While the Tampa Bay Lightning may have won the 2020 Stanley Cup, assembling a roster capable of this feat was no easy task. Of course, most players came from within through the draft or were lured to the franchise in free agency, but Tampa Bay still made some major deals on the trade market, giving up important future assets to bring back key figures for their postseason run.
Sure, these swings paid off in the end, but it has left the Lightning’s prospect pool a bit barren. This doesn’t mean that Tampa Bay lacks in great, young talent, but they just don’t have the pop of an elite player.
So, as we approach an uncertain 2020-21 season, who are the Lightning’s top-four prospects?
The top of the Lightning’s prospect pool is an easy choice. Without a doubt, defenseman Cal Foote is the best prospect in Tampa Bay’s system, a title he has held for what feels like years now.
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Even after he started slow while playing for the Syracuse Crunch, the Lightning’s AHL affiliate, Foote started looking like the top-end defenseman the franchise needed by the sudden end of the season.
Has he always been perfect in Syracuse? No. At times he has looked a bit shaky on defense and his offensive production likely won’t turn any heads. But, this doesn’t mean that he isn’t ready to take on some sheltered playing time in the NHL as soon as the eventual start of the 2020-21 season.
If things go well, Foote could become that big, right-shot defenseman that the Lightning desperately need in their nightly line-up. However, he will likely spend the majority of the season on the third-pairing, honing his craft behind some of the best defensemn in the entire NHL.
As an undersized, undrafted forward signing with the Lightning back in 2018, Alex Barre-Boulet continued the franchise’s legacy of finding diamonds in overlooked players.
In his first season playing with the Crunch, Barre-Boulet posted 34 goals and 68 points in 74 games then following that up with a 27 goal, 56 point campaign in 2019-20. Had the season gone full-term, he easily could have broken 30 goals and 60 points for the second time in his young professional career.
Given his scoring acumen, Barre-Boulet established himself not only as one of the Lightning’s top prospects but as a legitimate starting option for the cap-strapped franchise in 2020-21. Sure, he could use more time in Syracuse to round out his game, but given where they are at, he could add a valuable scoring option to Tampa Bay’s bottom-six immediately.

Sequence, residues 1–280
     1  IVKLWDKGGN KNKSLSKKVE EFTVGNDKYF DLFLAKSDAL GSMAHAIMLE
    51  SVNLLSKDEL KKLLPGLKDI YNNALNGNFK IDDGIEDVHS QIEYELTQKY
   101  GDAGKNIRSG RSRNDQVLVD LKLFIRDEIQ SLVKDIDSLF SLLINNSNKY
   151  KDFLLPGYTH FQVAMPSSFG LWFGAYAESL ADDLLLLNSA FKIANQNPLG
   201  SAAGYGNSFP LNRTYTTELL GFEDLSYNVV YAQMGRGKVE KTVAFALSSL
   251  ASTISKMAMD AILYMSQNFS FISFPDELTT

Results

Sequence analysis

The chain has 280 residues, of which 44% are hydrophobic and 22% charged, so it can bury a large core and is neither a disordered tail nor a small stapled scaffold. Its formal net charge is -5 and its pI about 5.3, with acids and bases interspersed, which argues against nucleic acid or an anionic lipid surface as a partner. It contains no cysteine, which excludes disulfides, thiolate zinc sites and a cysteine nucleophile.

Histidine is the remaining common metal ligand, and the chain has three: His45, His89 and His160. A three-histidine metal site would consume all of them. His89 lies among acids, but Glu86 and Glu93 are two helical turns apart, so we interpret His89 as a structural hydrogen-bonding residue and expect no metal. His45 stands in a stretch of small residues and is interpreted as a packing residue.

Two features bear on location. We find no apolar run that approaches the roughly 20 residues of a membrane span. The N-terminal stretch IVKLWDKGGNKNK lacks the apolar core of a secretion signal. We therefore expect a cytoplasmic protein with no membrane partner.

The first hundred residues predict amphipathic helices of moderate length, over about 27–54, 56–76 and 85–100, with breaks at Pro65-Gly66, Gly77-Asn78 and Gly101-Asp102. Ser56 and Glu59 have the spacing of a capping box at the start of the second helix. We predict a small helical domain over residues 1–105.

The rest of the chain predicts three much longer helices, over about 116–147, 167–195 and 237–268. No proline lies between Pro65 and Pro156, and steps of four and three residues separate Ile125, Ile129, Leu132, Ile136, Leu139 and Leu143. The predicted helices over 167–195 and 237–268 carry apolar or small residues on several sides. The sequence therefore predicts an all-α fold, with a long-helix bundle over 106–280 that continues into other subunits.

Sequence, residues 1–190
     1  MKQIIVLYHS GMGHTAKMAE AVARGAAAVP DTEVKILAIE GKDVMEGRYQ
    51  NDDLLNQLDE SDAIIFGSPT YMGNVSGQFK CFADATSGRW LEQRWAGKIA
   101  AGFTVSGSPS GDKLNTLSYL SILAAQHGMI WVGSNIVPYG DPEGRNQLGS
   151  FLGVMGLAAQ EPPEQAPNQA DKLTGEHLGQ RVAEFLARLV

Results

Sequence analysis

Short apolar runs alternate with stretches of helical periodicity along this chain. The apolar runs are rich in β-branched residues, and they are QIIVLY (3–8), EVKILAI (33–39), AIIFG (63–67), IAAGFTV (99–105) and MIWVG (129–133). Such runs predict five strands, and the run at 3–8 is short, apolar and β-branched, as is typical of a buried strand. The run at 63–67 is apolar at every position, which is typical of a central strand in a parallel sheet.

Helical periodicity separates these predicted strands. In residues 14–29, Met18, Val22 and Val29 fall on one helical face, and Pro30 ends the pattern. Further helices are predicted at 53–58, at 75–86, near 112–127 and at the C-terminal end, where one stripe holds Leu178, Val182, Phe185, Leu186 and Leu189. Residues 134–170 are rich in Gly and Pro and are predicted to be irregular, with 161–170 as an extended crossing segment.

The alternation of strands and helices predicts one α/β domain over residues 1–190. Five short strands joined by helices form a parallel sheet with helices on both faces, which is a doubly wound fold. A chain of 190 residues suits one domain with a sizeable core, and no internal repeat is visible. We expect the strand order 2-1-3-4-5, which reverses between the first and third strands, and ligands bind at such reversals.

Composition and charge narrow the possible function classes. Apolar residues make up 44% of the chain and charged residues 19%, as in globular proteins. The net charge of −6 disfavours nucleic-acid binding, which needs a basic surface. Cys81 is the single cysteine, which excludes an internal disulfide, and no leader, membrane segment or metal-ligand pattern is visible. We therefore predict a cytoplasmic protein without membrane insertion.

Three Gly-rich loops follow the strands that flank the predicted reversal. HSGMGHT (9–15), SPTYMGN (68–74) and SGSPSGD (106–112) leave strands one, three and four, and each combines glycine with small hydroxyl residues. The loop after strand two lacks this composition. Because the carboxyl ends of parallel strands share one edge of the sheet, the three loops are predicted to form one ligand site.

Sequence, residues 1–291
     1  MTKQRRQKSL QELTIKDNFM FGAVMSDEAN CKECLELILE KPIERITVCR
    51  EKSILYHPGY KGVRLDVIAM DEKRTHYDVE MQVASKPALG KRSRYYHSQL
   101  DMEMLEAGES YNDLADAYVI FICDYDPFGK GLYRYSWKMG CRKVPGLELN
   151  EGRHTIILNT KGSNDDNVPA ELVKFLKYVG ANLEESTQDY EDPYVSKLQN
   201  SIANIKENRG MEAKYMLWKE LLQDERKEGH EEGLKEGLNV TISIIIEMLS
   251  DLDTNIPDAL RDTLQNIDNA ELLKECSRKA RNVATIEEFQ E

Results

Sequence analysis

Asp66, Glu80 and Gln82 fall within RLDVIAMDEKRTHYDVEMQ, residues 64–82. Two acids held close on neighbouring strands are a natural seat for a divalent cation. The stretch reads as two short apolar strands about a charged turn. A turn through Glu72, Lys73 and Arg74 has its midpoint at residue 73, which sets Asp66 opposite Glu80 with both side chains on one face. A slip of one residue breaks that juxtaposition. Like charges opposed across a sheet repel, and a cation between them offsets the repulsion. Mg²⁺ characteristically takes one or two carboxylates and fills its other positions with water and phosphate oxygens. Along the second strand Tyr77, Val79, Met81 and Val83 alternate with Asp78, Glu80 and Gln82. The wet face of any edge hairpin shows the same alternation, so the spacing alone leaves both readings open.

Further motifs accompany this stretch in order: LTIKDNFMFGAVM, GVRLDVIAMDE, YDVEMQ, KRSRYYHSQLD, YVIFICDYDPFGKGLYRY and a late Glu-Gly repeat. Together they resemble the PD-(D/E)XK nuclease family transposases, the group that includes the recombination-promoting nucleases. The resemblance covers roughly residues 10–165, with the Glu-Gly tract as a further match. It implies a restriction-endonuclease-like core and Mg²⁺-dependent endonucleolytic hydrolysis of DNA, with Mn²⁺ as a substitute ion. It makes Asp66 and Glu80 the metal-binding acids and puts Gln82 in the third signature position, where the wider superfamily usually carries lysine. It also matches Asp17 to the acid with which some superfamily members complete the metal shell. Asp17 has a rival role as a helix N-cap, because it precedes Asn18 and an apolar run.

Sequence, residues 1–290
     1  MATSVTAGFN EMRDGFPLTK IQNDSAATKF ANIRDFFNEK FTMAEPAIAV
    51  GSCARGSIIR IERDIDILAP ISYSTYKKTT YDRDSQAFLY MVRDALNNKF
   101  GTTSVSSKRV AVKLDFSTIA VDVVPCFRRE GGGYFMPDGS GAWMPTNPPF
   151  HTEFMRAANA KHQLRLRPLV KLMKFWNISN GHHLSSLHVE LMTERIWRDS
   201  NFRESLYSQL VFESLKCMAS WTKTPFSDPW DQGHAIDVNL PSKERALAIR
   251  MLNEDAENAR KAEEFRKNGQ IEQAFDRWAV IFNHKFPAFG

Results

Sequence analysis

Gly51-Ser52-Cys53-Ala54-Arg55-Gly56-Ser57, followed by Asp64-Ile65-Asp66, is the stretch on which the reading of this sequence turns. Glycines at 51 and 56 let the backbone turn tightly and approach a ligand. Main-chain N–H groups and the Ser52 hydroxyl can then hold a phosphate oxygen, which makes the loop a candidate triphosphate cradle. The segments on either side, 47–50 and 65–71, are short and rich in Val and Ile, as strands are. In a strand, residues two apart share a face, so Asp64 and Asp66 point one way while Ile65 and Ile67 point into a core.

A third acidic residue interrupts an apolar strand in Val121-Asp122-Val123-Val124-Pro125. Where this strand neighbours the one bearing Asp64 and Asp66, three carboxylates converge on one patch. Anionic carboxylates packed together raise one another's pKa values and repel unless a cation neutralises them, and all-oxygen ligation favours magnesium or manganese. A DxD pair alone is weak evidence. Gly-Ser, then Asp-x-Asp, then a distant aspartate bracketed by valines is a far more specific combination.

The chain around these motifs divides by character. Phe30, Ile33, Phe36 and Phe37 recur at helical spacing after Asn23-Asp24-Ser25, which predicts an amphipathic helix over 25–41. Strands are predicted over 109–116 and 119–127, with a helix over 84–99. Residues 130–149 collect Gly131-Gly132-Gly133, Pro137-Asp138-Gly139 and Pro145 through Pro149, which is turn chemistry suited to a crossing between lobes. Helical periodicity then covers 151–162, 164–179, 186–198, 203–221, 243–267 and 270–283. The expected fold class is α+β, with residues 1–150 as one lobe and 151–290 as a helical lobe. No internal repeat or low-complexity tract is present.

While that may expose some of the deficiencies in his overall game, he has, at the least, earned a shot at NHL playing time. If all goes well, the Lightning will have found their next undrafted sensation.
Keeping on the Lightning’s tradition of valuing raw skill and hockey IQ over size, Gabriel Fortier has been rounding out his game in the QMJHL ever since he was selected in the second-round of the 2018 Draft. At the moment the selection was seen as a slight reach, but Fortier has proven his potential with 83 points in 2018-19 along with a 63 point campaign split between two teams in 2019-20.
What makes Fortier such an important prospect for the Lightning is his overall compete level. Despite being small, he fights for every inch on the ice, using his impressive instincts and skating to be a threat in both zones
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Fortier plays a lot of time on the penalty kill, meaning that he already has those defensive tendencies that Tampa Bay looks for in a small forward. He has also acted as captain for his teams in the QMJHL, showing leadership potential that any franchise would love to have in their prospect pool.
So, while he is still likely a few years away from making an impact in the NHL, everything is in place for Fortier to find a role with the Lightning in the coming years.
Alexander Volkov is the perfect microcosm of what makes the Lightning’s prospect pool so difficult to judge right now. He has been consistently good while playing for the Crunch, posting 23 goals and at least 45 points in his first two seasons with the team. He also played in nine NHL games and even got his name on the Stanley Cup after starting in Game 6 of the Final.
However, in his nine NHL starts, Volkov often looked a few steps behind play, as if he was struggling to keep up with the speed of the league. This was part of the reason why he bounced between the NHL and AHL for most of the 2019-20 season.
At only 23 years old, there’s still a lot of room for Volkov to grow his game. He has the toolkit of a bottom-six winger, and should be fighting for a starting role out of training camp.
So, Volkov is a true unknown. If things go well, he could be an important middle-six piece in Tampa Bay’s line-up for years to come. If he struggles, though, he might not make it through the rest of the year with the franchise.
Lightning Lacking Big Name Prospects
If you look directly at the Lightning’s prospects pool, you will see a group that has talent but won’t be on any top-ten lists. However, when you consider that Tampa Bay has been competing for a Stanley Cup over the last five-plus years, it makes their pool look more impressive.
As it stands, the Lightning are still in good shape as a franchise. With these prospects developing well, they should have the depth to keep competing for a championship for years to come, even as former stars see their roles with the team reduced.
Eugene Helfrick is a Tampa Bay Lightning writer who is actually from Tampa Bay. He has written about the Lightning for six years, covering everything from their run to the 2015 Stanley Cup Final, to their crushing first-round exit in 2019, to their redemption in the bubble in 2020. While he is happy to talk about just about anything from cows to cars to video games, hockey will always remain one of his favorite pastimes.